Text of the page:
Posts Tagged ‘Pennsylvania’

Policing the Super Bowl celebration

February 7, 2018

This column credits Philadelphia PD with “some very good policing” Sunday night after the Eagles victory in the Super Bowl, arguing that the “police presumption of general good faith in the crowd” helped avoid conflict. Tens of thousands celebrated in the streets, resulting in some property damage but no serious injuries and only 4 arrests.


Cyber crimes under-reported and under-investigated

February 5, 2018

This article discusses the huge challenge facing law enforcement agencies dealing with cyber crimes and other newer forms of hi-tech crime. One impediment is crime reporting systems designed a century ago. Efforts have been underway for 30 years to update and refine the Uniform Crime Reports, without much progress yet.

Evidence-based policing conference May 21-22 in Philadelphia

January 14, 2018

The American Society of Evidence-Based Policing (ASEBP) will hold its 2018 conference May 21-22 in Philadelphia. Information about the conference is available here.

Black and blue

December 27, 2017

Here are four stories about black police officers working to balance black and blue in the post-Ferguson era: a veteran sergeant in Atlanta (The Shooting Instructor); an outspoken woman sergeant in San Francisco (The Truth Teller); a just-retired patrol officer/rapper in Akron (The Man on the Street); and a young patrol officer in Pittsburgh (The Bridge Builder).

Relaxed residency requirement in Philadelphia

October 7, 2017

Philadelphia eased its longstanding residency requirement starting in 2010, allowing police with 5+ years tenure to live outside the city. Since then, about 15% of those eligible have moved to the suburbs, mainly for better schools, according to this article.

Pros and cons of data-driven predictions

September 9, 2017

This article provides a balanced look at the use of data and algorithms to make predictions in criminal justice, including policing. It shows how decision making accuracy can be improved but also explains that it ultimately comes down to questions of values and fairness that can’t be settled by science.

Policing explained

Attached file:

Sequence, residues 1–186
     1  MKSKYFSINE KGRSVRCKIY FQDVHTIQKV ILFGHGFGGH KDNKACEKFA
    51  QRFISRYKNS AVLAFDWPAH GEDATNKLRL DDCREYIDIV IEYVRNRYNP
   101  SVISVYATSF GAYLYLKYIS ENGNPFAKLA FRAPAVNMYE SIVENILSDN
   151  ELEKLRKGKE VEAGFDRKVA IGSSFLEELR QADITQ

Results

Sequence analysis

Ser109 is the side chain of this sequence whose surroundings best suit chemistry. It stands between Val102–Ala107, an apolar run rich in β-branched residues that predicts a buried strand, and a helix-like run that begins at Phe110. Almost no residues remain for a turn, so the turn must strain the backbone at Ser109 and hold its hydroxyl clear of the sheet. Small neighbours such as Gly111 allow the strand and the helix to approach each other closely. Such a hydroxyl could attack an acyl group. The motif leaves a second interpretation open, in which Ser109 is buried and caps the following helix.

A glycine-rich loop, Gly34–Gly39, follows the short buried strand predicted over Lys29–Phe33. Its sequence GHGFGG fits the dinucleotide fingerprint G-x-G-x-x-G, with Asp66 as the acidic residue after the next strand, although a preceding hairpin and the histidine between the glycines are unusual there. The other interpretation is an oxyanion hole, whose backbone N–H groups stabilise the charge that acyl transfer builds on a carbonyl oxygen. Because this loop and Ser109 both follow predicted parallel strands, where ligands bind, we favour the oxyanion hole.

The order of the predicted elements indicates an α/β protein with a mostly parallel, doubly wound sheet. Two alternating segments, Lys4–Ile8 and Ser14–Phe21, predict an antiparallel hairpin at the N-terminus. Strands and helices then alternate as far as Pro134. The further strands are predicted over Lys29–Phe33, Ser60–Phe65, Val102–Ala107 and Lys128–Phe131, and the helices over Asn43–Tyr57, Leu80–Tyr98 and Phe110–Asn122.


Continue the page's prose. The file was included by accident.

August 28, 2017

In this blog post, Jerry Ratcliffe provides a few nice graphs that he uses to begin his undergraduate policing course, emphasizing conditions that have or haven’t changed over time and giving students some insights about the realities of modern police work.

Fired and reinstated

August 7, 2017

This article summarizes data from 37 large agencies, finding that 1,881 officers were fired for misconduct since 2006 but over 450 were reinstated after appeals. “In many cases, the underlying misconduct was undisputed, but arbitrators often concluded that the firings were unjustified because departments had been too harsh, missed deadlines, lacked sufficient evidence or failed to interview witnesses.” Chiefs express frustration whereas union officials argue that officers’ rights must be protected.

Alternatives to arresting kids at school

August 3, 2017

This article describes a diversion program in Philadelphia that reduced arrests of kids at school by 68%. The initiative was started by recently-retired deputy commissioner Kevin Bethel, who argues that police “must adapt how we respond to normal adolescent behavior occurring in schools … Arrests are not the answer, especially when we know these arrests negatively impact graduation rates, job prospects and create numerous other long-term impediments.”

Reviewing unfounded sexual assault cases

July 28, 2017

This article reports that Ottawa will adopt the “Philadelphia Model” in which a multidisciplinary panel reviews reported sexual assaults that police classify as unfounded. The main purpose is not to find specific police errors, but to identify ways of improving the system so that future decisions are based on valid criteria and victims are more satisfied that they were treated fairly.